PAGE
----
Gordon Lightfoot tributes pour in from all corners as legend passes

Yesterday, Gordon Lightfoot, an absolute legend of Canadian music, passed away and the entire country, led by a parade of musicians influenced by his work, is in mourning.

“It is with profound sadness that we confirm that Gordon Meredith Lightfoot has passed away. Gordon died peacefully on Monday, May 1, 2023 at 730 p.m. at Sunnybrook Hospital in Toronto. He died of natural causes. He was 84 years old,” read the official statement from the Lightfoot family. “He is survived by his wife Kim Hasse, six children — Fred, Ingrid, Eric, Galen, Miles and Meredith, as well as several grandchildren.”

StreetsofToronto.com spoke to Lightfoot over a decade ago, when the legend was about to make yet another appearance at his home-away-from-home Massey Hall.  Here is an excerpt:

Gordon Lightfoot

Born in Orillia in 1938, Lightfoot started working in his dad’s dry cleaning plant when he was 14.

“I wanted to go to work,” he says. “When I turned 16, I started driving a truck and worked all through high school.”

It was around this time that he “started to get the bug” to write songs. His first song was about the Hula Hoop fad. He took the song to BMI Music.

“[It] was the place to go here in Toronto, down on Gould Street,” Lightfoot recalls. “William Harold Moon and Bailey Bird said, ‘Leave your name with the receptionist and we’ll call you.’ They were interested because it was a topical song.”

Many of his songs that would follow adhered to a topical style, and his music was often influenced by actual events.

In 1967, he was commissioned by the CBC to write “Canadian Railroad Trilogy” for their Centennial celebrations.

“I learned songs like a sponge at the beginning,” he says. “I wanted to get to the point where I could do all my songs like Bob Dylan does.” (Dylan would also later cite Lightfoot as one of his favourite artists.)

Part of Toronto’s fabled folk scene of the 1960s, Lightfoot began performing at the Riverboat, a coffee shop in Yorkville.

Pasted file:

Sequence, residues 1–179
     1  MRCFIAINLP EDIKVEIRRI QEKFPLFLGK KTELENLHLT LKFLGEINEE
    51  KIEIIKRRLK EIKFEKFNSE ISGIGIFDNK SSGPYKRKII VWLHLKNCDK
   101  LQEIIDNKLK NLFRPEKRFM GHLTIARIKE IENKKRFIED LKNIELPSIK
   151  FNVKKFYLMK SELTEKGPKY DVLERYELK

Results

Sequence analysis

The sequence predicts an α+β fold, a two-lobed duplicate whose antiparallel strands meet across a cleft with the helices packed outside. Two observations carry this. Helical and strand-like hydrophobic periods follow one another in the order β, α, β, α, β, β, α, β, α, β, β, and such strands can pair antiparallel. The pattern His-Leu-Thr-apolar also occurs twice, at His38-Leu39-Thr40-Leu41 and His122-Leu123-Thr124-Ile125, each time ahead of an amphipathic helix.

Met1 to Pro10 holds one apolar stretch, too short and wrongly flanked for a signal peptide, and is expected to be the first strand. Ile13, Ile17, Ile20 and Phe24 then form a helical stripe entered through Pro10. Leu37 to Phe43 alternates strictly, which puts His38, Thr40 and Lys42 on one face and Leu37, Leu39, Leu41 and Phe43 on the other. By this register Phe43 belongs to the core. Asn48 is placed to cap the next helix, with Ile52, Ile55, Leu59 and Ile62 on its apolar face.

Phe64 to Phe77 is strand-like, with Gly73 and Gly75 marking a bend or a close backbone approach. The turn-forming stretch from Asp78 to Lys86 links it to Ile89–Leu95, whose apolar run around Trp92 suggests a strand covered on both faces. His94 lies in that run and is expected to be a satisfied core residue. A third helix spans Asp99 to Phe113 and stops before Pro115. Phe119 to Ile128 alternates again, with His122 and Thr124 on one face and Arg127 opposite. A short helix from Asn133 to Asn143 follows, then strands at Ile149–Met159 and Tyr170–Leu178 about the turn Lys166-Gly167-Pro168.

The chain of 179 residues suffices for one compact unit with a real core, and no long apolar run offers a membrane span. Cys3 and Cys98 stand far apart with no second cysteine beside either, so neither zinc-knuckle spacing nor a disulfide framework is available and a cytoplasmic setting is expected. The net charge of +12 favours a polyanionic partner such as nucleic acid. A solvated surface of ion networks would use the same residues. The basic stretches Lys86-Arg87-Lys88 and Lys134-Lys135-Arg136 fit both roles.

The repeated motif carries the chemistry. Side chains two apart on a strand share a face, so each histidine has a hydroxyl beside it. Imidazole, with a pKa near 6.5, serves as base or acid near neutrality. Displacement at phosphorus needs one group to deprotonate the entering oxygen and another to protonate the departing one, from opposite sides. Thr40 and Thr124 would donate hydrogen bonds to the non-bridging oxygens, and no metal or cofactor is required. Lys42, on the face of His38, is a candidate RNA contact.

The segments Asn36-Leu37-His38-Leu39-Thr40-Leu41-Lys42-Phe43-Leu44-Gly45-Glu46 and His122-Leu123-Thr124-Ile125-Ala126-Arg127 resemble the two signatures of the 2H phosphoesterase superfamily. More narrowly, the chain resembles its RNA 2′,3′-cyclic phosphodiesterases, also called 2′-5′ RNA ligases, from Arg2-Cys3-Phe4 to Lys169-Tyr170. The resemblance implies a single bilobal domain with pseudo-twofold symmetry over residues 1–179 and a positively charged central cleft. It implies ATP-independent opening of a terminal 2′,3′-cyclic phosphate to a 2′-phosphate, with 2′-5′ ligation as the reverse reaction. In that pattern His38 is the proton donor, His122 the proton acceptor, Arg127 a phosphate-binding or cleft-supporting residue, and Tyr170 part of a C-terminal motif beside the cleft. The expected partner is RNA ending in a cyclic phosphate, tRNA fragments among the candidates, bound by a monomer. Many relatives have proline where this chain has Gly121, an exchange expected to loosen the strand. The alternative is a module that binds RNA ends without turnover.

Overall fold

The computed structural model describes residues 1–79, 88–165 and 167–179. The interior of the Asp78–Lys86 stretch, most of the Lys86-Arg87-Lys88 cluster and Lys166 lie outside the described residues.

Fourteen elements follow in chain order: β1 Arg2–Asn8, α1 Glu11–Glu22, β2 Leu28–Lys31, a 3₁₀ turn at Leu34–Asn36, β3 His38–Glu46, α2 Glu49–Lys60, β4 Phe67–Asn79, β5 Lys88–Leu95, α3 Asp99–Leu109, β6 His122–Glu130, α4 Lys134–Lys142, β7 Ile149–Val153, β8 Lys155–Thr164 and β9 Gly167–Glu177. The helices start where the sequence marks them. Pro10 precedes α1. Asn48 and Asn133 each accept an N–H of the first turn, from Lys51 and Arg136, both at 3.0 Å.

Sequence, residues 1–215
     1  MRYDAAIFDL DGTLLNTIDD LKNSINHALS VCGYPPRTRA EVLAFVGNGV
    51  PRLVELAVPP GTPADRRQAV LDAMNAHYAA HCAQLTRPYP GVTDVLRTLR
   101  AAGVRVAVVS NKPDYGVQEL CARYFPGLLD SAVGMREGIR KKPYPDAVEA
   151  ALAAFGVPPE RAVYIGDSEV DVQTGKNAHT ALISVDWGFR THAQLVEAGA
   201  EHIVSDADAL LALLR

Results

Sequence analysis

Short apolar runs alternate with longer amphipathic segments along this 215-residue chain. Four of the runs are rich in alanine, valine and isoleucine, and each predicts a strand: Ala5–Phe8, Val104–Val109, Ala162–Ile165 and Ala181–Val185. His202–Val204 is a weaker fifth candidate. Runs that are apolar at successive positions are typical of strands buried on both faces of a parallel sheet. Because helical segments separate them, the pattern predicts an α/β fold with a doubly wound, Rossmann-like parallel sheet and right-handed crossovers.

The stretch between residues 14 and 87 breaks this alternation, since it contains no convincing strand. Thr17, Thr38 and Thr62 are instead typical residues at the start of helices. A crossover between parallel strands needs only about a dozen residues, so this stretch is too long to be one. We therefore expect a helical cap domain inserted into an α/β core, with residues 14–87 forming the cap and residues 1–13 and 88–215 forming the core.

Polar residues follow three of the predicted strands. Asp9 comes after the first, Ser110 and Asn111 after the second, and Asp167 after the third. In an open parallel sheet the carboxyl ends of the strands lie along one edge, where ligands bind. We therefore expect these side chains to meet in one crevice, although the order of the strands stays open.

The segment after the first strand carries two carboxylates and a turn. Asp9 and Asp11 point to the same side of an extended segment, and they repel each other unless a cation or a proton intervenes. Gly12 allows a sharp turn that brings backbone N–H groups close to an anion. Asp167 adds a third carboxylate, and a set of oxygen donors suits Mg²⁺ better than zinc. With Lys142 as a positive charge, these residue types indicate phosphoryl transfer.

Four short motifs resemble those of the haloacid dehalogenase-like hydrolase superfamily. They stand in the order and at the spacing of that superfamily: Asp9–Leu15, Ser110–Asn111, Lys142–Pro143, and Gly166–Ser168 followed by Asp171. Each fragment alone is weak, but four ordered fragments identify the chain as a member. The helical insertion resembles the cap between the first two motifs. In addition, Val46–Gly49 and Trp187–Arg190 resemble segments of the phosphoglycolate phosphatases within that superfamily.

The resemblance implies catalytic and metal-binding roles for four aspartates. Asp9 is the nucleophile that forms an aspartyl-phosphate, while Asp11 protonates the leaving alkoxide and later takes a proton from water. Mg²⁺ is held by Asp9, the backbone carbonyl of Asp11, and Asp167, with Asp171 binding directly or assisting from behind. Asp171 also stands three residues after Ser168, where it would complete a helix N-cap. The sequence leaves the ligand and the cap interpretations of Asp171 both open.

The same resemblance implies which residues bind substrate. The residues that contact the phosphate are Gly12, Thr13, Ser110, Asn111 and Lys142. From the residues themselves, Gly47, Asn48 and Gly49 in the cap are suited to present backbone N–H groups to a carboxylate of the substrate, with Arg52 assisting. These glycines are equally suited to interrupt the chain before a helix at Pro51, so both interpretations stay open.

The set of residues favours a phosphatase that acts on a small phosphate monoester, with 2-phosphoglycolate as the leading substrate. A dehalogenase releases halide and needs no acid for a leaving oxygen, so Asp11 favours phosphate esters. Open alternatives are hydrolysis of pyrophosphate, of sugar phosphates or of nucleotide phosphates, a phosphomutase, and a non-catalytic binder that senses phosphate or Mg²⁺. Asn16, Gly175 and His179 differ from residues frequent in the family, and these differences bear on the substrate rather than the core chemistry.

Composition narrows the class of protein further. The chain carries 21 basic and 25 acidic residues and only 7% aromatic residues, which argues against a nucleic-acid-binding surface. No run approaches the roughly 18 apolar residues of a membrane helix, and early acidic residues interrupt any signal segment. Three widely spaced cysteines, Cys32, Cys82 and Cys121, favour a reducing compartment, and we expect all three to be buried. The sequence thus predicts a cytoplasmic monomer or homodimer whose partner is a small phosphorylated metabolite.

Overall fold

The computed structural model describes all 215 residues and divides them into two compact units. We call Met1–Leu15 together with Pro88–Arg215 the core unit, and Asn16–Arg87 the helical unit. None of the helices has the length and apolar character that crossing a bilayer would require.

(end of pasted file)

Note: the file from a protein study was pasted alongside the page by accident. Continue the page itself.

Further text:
Gordon Lightfoot performs at the Riverboat in Yorkville (City of Toronto archives)

He held his own beside other musical greats, including Ian and Sylvia, who first heard him play at Steele’s Tavern on Yonge Street, as well as Joni Mitchell, Neil Young, Al Cromwell and the Sparrows (later Steppenwolf).

Lightfoot remembers them all: “A lot of those people disappeared, and they were really good,” he says, solemnly.

Did he realize how influential he and his contemporaries would become?

“You really wonder, but you can’t take the dream away. Keep plugging, keep trying, see if something gives. I was lucky.”

Since his debut, Lightfoot has received 16 Juno Awards and has been nominated for five Grammys. He was inducted into the Canadian Music Hall of Fame in 1986 and the Canadian Country Music Hall of Fame in 2001. This past June, he was also inducted the Songwriters’ Hall of Fame in New York City.

In 1998 he received a star on Canada’s Walk of Fame.

Since his passing, tributes have poured in from all corners including a veritable who’s-who of artists from around the world.

Prime Minister Justin Trudeau also issued a statement on behalf all Canadians speaking to the profound impact Lightfoot and his music had on the country.

“Mr. Lightfoot gave us so many special moments over the years. With a career that spanned over half a century, Mr. Lightfoot‘s music told stories that captured the Canadian spirit, none more so than his iconic Canadian Railroad Trilogy, which will forever be a part of our country’s musical heritage,” Trudeau wrote, in part.

“On behalf of all Canadians, Sophie and I express our deepest sympathies to Gordon‘s family, friends, and his many, many fans. His legacy will live on in the dynamic Canadian soundscape he helped to shape.”

Back in 2012, when we asked what role his music ultimately plays in the shaping of a Canadian identity, he replied in his typical modest manner.

“The best things I can do is just stay here, in Canada, and be a part of this country and represent it well whenever I go abroad. And be proud,” he said.

As someone who spent the better part of his life making music in Toronto from Yorkville in the ’60s through to his regular appearances at Massey Hall as well as his home in North Toronto, it is essential to find a fitting way to honour Lightfoot’s contribution to the city.

He deserves all the accolades.

RIP Gordon Lightfoot.

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